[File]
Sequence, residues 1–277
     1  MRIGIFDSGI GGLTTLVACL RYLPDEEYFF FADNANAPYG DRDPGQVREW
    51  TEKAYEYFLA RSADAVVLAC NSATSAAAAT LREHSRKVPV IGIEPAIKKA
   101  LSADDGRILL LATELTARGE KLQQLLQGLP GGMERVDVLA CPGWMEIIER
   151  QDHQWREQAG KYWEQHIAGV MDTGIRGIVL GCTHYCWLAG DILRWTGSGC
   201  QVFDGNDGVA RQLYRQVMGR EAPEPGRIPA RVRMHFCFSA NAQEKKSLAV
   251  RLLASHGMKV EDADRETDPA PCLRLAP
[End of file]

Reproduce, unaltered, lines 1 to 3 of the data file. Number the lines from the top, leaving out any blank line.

Sequence, residues 1–277
     1  MRIGIFDSGI GGLTTLVACL RYLPDEEYFF FADNANAPYG DRDPGQVREW
    51  TEKAYEYFLA RSADAVVLAC NSATSAAAAT LREHSRKVPV IGIEPAIKKA